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Game-changing gift

Geosciences receives the largest donation in program history

Every new semester comes with surprises. Three weeks into the fall 2018 semester, students and faculty in the geosciences program got one of their biggest surprises to date when they were notified of a nearly $600,000 gift from an anonymous donor.

“It’s the biggest donation we’ve ever received,” said Professor of Geology Andres Aslan, PhD.

He said it’s a game changer in the sense that it really allows the department the ability to provide students with the “red-carpet treatment.”

CMU’s geosciences program is field-based, with students and faculty taking advantage of Grand Junction’s spectacular geologic setting for training and research. While the department won’t likely feel the palpable benefits of the money until sometime later this year, Aslan said it will be used to provide students with opportunities they may not have had otherwise.

“We envision money from this donation being used to provide students with the ability to take their research a step further — to supplement their research and to operate at a more professional level,” said Aslan.

Two scholarships have already been set up and the donation will also be used to fund field trips, laboratory work, research and professional development.

“[The donor] said something to the effect that they had a great experience when they were studying geology in college and they wanted to help other students have a similar experience,” Aslan said.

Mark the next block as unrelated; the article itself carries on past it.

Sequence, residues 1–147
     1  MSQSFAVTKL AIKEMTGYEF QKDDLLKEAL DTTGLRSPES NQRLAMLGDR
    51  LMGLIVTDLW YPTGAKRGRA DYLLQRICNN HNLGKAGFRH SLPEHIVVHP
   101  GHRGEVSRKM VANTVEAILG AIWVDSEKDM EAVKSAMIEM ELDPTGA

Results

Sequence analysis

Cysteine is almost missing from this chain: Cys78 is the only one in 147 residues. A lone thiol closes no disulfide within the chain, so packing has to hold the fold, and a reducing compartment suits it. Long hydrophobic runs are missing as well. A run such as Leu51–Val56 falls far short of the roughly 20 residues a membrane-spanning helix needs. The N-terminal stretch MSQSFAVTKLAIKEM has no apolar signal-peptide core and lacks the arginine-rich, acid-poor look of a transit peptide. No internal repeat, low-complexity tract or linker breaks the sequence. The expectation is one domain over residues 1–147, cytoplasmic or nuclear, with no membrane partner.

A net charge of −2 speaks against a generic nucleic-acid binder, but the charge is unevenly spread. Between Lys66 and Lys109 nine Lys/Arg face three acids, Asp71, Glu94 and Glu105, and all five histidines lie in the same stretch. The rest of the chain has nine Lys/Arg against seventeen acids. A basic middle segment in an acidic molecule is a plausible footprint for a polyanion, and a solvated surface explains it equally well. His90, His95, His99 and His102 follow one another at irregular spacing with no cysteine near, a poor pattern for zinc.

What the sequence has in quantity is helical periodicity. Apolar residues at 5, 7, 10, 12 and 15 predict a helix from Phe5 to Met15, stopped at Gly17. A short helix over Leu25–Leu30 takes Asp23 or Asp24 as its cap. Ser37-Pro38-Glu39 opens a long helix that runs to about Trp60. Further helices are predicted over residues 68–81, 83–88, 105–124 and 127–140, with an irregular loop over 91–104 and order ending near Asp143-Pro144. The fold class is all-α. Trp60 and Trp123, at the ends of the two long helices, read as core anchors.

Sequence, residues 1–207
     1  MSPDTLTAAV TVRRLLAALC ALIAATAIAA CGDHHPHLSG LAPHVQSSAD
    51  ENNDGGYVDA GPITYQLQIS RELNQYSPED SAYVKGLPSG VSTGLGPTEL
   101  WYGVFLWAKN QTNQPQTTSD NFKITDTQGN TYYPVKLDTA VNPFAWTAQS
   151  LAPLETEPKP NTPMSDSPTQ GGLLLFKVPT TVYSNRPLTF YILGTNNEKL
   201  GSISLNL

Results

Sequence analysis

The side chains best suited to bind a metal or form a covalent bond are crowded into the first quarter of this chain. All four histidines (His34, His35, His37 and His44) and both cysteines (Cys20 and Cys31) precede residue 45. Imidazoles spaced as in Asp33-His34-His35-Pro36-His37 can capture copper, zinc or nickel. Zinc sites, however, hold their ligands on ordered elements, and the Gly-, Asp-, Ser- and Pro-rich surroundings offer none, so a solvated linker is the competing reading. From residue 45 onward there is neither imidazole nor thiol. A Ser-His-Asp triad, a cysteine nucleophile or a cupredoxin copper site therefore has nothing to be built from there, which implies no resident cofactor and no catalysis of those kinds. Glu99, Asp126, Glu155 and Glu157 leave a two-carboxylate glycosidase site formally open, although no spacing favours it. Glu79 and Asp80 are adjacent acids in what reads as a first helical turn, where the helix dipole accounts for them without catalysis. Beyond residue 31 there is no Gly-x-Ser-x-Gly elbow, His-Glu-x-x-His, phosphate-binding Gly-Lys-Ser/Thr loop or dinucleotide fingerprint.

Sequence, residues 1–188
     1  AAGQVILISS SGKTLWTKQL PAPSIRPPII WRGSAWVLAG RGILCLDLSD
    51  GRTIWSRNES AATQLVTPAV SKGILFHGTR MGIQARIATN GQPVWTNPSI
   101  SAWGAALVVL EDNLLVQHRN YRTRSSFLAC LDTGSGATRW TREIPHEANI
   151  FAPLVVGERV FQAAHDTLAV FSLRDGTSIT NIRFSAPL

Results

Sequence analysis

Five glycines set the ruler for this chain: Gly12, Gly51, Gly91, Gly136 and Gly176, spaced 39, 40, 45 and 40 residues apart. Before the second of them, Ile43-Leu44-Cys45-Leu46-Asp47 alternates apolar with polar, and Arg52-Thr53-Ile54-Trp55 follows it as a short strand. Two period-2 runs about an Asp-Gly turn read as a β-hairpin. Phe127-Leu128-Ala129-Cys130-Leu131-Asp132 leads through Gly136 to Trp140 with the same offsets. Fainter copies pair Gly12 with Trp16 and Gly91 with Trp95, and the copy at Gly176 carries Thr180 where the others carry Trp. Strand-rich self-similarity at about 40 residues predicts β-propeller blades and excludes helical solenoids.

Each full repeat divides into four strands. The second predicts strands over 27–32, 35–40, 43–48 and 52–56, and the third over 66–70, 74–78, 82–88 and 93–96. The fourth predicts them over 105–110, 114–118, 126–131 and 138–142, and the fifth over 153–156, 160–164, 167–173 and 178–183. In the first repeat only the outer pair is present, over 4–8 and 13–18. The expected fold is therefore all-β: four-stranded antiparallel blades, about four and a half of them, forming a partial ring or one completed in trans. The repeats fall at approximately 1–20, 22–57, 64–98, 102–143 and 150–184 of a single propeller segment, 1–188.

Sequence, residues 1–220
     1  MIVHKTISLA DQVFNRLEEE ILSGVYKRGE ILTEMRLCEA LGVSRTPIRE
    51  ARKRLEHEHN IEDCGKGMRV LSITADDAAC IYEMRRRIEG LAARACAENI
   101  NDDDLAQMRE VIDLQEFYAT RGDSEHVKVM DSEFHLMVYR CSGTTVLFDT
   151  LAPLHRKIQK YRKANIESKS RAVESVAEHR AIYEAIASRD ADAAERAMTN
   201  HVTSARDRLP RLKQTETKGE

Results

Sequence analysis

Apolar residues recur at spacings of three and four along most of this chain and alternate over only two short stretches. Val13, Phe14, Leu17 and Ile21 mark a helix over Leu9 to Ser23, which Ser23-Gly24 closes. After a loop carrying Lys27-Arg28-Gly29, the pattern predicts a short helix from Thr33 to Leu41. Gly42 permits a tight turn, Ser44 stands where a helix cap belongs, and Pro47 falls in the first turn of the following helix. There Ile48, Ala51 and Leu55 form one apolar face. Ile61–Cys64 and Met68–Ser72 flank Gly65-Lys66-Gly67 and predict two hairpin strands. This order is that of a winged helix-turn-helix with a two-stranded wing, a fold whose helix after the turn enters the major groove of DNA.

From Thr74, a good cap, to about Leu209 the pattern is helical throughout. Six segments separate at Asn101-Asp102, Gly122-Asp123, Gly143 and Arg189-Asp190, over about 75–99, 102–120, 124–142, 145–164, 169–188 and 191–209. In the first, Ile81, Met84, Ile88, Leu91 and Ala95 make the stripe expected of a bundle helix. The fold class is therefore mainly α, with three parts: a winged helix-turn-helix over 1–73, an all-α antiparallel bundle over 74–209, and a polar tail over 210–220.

The donor also cited the department’s newsletter as a reason for the gift, which was started in 2013 by fellow Instructor of Geology Larry Jones, PhD. The newsletter is sent to peers, faculty colleagues, current and past students, and interested community members every semester with news regarding the geosciences program, students and alumni.

“I think that newsletter helped precipitate this donation,” Aslan said. “It’s nice to see people taking note in a more substantive way of what we’re doing here at CMU. It makes us feel like there are people who are appreciating what we do in ways that we think of as business as usual.”

News of the donation quickly moved around campus including the desk of university President Tim Foster.

“I have the privilege of being involved in many exciting projects and initiatives for students, but generosity like this inspires me the most. So many donors give so much and ask for so little in return. It’s what makes my job rewarding and special,” said Foster.

Read the geosciences program newsletter online at coloradomesa.edu/geosciences.

 

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Written by Cloie Sandlin